milestones stations gallery events

Early Milestones

The 1909 wood-frame/stucco Redwood City station is damaged in a fire and replaced by a trailer.

Southern Pacific petitions the state Public Utilities Commission (which says "no") and then the Interstate Commerce Commission to discontinue the Peninsula Commute Service. A bitter fight follows. After long months of negotiation, the three counties through which the Peninsula Commute Service runs and the California Department of Transportation (Caltrans), reach an agreement with Southern Pacific. SP would become the contractor and the public agencies would cover most of the operating costs.

San Mateo's old station is torn down to make way for a parking structure.

June 23, 1975
Fourth and Townsend streets terminal opens in San Francisco.

May 1, 1971
Amtrak takes over operation of the nation's intercity passenger trains. The northern terminal of the Coast Daylight to Los Angeles is changed to Oakland from San Francisco. Southern Pacific's Del Monte, which ran from San Francisco to Monterey, is discontinued. As a result, commuter trains become the only rail passenger service between San Francisco and San Jose.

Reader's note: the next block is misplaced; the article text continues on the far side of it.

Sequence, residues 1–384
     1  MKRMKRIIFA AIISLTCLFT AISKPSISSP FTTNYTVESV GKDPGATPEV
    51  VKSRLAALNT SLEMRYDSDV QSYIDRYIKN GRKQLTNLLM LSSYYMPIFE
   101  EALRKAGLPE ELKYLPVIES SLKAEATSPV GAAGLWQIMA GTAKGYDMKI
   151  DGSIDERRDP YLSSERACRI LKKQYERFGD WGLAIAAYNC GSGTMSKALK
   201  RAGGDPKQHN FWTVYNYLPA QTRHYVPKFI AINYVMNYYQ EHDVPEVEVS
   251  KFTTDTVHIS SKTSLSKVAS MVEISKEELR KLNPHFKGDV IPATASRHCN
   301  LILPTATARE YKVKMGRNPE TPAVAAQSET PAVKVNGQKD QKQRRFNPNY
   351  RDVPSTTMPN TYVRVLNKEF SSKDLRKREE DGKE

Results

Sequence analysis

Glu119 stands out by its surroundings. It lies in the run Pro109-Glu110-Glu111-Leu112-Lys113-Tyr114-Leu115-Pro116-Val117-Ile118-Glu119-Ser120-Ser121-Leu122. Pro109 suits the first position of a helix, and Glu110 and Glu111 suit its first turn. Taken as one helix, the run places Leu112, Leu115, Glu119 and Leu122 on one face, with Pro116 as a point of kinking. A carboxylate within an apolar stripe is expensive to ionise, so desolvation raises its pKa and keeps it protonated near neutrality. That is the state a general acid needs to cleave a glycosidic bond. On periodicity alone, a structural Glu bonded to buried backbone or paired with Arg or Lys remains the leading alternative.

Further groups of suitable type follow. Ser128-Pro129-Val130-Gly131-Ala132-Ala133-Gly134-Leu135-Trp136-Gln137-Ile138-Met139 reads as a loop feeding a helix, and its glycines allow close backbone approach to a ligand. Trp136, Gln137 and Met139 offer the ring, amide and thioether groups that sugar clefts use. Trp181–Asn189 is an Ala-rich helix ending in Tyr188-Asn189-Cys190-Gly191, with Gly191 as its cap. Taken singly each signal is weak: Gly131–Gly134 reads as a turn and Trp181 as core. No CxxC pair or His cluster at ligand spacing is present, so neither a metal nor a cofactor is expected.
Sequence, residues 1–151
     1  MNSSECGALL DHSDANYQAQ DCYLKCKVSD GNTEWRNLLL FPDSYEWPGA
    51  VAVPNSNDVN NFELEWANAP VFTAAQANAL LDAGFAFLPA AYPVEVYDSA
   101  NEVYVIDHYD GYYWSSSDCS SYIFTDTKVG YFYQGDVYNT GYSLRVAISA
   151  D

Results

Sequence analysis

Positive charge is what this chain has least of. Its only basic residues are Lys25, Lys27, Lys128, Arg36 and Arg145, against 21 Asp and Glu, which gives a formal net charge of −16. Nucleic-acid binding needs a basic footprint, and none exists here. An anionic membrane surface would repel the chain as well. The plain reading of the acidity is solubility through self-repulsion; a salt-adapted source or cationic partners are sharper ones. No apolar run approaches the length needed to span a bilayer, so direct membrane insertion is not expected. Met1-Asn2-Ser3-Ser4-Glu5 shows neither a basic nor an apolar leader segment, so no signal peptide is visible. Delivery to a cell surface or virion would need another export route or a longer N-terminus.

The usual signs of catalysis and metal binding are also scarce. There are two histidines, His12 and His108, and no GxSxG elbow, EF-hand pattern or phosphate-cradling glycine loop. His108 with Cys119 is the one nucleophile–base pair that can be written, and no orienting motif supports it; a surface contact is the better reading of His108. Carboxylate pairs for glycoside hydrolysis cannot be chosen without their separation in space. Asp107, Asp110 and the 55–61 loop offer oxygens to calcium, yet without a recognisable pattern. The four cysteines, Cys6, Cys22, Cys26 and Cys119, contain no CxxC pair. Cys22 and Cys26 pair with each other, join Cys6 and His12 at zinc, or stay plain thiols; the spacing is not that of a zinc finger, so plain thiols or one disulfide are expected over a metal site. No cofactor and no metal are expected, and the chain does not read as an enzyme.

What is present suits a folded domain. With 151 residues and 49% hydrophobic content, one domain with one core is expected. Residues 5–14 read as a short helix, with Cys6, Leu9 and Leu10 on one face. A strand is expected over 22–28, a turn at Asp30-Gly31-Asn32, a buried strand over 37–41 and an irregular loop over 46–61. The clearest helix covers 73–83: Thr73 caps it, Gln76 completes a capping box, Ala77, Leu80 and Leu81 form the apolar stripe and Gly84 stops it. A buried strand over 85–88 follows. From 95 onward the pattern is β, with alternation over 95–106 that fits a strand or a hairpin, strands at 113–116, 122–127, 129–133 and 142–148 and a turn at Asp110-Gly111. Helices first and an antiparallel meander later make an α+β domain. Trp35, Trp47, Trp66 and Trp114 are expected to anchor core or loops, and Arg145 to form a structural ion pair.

The grade separation is built at Hillsdale Boulevard in San Mateo.

June 1955
The first of ten "gallery cars" are delivered to Southern Pacific. The cars, which provide more seating, are an instant success, and in January 1956, Southern Pacific orders 21 more. A final order of 15 is placed in 1968.

Early 1950's
Diesel locomotives begin to appear in the Peninsula Commute Service.

December 1935
A new terminal opens on Cahill Street in San Jose.

San Francisco terminal moves to Third and Townsend streets. The station has been built to handle crowds for the Panama Pacific International Exposition.

San Francisco and San Jose Railroad is absorbed into Southern Pacific.

Jan. 16, 1864
The line is completed to San Jose. Within a short time, two trains operate each way weekdays between San Francisco and San Jose. The San Francisco terminal initially is located at 18th and Valencia streets.

October 1863
Regular service between San Francisco and Mayfield (now California Avenue in Palo Alto) begins. The trip takes two hours. At Mayfield, passengers have to board a stagecoach to get to San Jose.

San Francisco and San Jose Railroad incorporates. Financing for a railroad between those cities comes from three counties -- San Francisco, San Mateo and Santa Clara.

January 1851
A line connecting the trading center of San Francisco with California's first state capital, San Jose, was proposed.